There were no significant opinion polls at that time. But the main political parties had a network of members in each parish that were attuned to the mood of the electorate that was claimed to be able to tell how people voted in the way they walked.

Fine Gael & # 39; s campaign directed by Gerard Sweetnam TD, a formidable organizer, tapped into the changing public mood by emphasizing "the need for a youthful, forward-looking president to personify the real Ireland and what it it can best contribute to modern civilization. "

It also ran a lively campaign in which it distributed more than 1.7 million copies of the O & # 39; Higgins manifesto, as well as 1.25 million colportay cards, 157,600 posters and 100,000 lapel insignia and car stickers.

Many of the old values ​​that Dev had adopted were questioned when a new generation looked forward to the future.

A decision by RTÉ not to report on the campaign caused controversy. It was mandatory to give balanced coverage, but there were only two candidates. O & # 39; Higgins campaigned and the Valera did not.

Speeches from O & # 39; Higgins were not reported on radio or television, but the normal reporting was given to events where the Valera was present as head of state.

Fine Gael protested that their candidate was being treated unjustly, but RTÉ said it had followed established electoral coverage and was not subject to political pressure from any source.

O & # 39; Higgins, who did not have a fiftieth birthday, traveled an estimated 22,000 kilometers in the country in five weeks occasionally attending sometimes three rallies a night.

The campaign in a new style was well illustrated when he traveled through Limerick town on May 28 in a small red open sports car, while a light plane flew above her and dropped balloons with election slogans.

But the old ways were not completely abandoned because both sides asked door-to-door and held church gate meetings. The sale of cattle on an open-air market in Carndonagh, Co. Donegal, was even suspended on 2 May to hear O & # 39; Higgins appeal to the farmers collected.

The Valera had the odds-on favorite to win. He was honored by his loyal followers for his national leadership and long service. But the electorate was changing. Many of the old values ​​he had adopted were questioned because a new generation looked more to the future than the past.

Nowhere were the changes clearer than in the new ballrooms where the Royal Showband, the Dixies and the Miami attracted large numbers of young dancers who are more interested in The Hucklebuck than the Siege of Ennis.

Dev & # 39; s patriotism

Lemass assured the electorate, however, that the re-election of Valera would be a confirmation of the people that the goals for our country that led him throughout his life remain constant and that patriotism is equally relevant on the island of 1966 as in 1916. "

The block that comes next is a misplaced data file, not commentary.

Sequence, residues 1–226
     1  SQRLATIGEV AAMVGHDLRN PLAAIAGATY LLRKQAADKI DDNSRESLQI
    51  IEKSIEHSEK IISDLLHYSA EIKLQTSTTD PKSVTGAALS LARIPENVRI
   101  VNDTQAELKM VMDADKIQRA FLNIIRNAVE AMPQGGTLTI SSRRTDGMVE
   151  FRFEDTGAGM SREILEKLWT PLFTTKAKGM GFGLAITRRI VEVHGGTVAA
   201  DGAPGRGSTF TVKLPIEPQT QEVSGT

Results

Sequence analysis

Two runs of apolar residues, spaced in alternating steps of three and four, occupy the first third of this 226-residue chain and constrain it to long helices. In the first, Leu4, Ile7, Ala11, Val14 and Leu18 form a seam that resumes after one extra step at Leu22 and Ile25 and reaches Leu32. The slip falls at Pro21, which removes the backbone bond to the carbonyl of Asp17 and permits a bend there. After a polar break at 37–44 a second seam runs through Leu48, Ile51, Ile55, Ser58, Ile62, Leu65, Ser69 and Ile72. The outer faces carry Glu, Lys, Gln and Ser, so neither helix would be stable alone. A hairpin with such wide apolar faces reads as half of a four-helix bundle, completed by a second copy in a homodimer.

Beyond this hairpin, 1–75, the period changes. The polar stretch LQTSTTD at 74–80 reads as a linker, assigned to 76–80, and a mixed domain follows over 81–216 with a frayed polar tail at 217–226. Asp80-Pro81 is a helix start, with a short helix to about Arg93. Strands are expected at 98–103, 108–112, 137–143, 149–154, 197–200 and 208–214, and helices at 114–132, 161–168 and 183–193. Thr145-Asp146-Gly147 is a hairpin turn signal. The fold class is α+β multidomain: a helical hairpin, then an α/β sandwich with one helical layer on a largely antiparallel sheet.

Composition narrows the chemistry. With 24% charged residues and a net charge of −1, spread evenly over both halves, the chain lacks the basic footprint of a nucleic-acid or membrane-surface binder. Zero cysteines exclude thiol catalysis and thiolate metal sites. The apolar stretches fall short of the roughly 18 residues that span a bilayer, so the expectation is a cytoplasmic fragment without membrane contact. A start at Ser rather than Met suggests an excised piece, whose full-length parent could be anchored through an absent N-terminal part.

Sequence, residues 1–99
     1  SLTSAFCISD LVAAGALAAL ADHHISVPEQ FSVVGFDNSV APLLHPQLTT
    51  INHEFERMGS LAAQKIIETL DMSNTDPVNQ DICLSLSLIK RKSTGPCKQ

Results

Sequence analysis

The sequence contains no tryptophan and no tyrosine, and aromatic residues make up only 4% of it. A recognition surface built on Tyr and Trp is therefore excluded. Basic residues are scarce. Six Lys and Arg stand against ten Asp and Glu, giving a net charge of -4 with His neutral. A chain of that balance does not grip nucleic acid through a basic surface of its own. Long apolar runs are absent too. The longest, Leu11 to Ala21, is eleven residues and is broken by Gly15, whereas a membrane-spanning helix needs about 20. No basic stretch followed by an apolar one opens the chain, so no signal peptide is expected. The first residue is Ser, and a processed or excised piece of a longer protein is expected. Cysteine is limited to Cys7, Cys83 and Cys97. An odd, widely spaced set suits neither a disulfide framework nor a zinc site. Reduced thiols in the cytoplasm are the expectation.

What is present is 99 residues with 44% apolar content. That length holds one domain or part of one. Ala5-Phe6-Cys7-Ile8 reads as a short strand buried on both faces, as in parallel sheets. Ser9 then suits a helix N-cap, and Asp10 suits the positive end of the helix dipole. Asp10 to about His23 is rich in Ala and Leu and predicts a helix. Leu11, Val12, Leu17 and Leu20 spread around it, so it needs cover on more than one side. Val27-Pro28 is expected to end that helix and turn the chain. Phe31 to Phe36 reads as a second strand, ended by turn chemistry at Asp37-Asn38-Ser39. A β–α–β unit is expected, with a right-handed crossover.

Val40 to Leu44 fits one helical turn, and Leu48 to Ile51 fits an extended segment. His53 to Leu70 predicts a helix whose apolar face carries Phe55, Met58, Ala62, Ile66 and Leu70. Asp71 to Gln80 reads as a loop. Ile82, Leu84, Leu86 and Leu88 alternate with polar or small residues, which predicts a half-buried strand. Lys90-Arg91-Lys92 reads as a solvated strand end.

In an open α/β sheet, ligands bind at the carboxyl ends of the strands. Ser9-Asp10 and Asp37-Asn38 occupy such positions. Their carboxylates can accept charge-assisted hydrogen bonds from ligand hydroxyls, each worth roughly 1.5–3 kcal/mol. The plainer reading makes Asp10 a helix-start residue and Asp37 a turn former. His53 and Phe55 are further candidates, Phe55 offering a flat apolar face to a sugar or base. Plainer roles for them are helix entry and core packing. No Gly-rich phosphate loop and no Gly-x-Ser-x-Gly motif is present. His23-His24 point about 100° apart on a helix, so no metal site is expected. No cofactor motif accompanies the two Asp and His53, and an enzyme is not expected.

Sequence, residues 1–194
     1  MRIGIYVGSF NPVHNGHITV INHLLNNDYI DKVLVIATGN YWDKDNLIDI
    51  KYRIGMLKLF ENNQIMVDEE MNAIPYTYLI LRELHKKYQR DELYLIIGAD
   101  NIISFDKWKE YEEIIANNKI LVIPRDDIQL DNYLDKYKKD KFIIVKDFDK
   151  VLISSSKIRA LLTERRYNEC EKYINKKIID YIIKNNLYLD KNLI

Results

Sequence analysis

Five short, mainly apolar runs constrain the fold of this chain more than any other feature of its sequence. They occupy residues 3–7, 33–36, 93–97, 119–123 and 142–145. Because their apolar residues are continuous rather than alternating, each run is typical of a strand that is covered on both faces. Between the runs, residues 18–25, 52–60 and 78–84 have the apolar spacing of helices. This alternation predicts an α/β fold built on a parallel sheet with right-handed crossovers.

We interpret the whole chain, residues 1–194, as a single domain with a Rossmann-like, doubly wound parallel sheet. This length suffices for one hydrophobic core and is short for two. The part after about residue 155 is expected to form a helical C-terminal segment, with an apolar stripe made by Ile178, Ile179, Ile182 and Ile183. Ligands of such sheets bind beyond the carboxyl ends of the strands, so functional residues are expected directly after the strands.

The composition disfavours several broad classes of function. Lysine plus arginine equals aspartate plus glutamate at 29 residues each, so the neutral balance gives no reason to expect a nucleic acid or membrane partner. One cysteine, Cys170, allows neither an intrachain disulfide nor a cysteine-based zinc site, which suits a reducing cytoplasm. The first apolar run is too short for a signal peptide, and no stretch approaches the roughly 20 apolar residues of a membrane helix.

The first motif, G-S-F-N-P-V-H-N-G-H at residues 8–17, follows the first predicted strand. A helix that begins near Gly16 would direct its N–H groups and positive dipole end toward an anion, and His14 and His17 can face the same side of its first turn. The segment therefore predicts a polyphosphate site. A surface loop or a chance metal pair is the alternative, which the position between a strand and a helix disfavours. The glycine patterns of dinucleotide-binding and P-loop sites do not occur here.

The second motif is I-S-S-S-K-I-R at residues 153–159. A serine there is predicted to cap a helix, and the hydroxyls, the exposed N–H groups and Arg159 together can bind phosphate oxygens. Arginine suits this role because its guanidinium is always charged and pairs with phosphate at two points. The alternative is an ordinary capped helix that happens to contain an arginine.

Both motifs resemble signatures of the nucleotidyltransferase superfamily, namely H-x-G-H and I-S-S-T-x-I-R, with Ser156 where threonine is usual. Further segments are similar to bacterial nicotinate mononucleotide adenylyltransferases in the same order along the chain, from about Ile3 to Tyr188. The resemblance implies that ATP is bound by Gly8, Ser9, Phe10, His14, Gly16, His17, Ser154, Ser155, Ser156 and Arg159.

But there were disturbing signs for Fianna Fáil. of the Fine Gael is up. It runs as it is still far from running. It will indeed be an interesting conclusion. "

He noted that O & # 39; Higgins and his wife twice performed the aisles of aisles on a special ardfheis at the Mansion House in Dublin and received two standing ovations, one for lunch and one after. 54 seconds, the second 46.

Fianna Fáil campaign leader Charles Haughey, then minister of agriculture, was concerned by the feedback from the grassroots and called for a total effort from party officials on the day of the elections to ensure that de Valera would win.

He also went to the Dáil five days before the vote to announce a £ 5.5 million package of measures to boost farm income. "The aid was expected, but farmers leaders believed that the timing had to do with the campaign.

Both parties mobilized thousands of cars to transport voters to and from the voting booths that were open for 13 hours in 38 constituencies with 6200 presiding officers and gr iffiers on duty.

But glorious weather meant that many people went to the coast. And there were also some hints of political apathy. A sign on a wall in Kingsbridge, Dublin, read: "Arkle for President."

The turnout was 64.7 percent, which meant that 602,585 people, one third of the 1.7 million voters, did not vote. The Valera had only 10,617 votes on O & # 39; Higgins (548,144 to 548,144), a margin of less than 1 percent.

& # 39; Credit to our nation & # 39;

The president said he was happy to have won his last race, "even if only by a short head" and explained why he had not nominated himself.

It would only have been a pretext to do so, he said, noting that no one could hope to win a presidential election without the support of any organization or party.

Lemass considered the result exclusively as "a tribute to a man who had granted an extraordinary national service and an indication of people's confidence to fulfill the duties of the presidency in a way that lends credit to our nation."

O & # 39; Higgins, who later became judge of the Supreme Court, a judge of the European Court of Justice and Chief Justice, wrote in his autobiography A Double Life that he thought he had acquitted himself well and was the contest with its integrity in

"The description of a close run-ding" used by the Duke of Wellington to describe his famous victory in Waterloo, could very well be applied to the outcome of the presidential election in Ireland in 1966, "he wrote

Fine Gael demanded a moral victory and a vote of no confidence in the government, but their supporters were tempted by the thought what could be – only one additional vote in each ballot box for Higgins would have elected him president and a seismic political shock.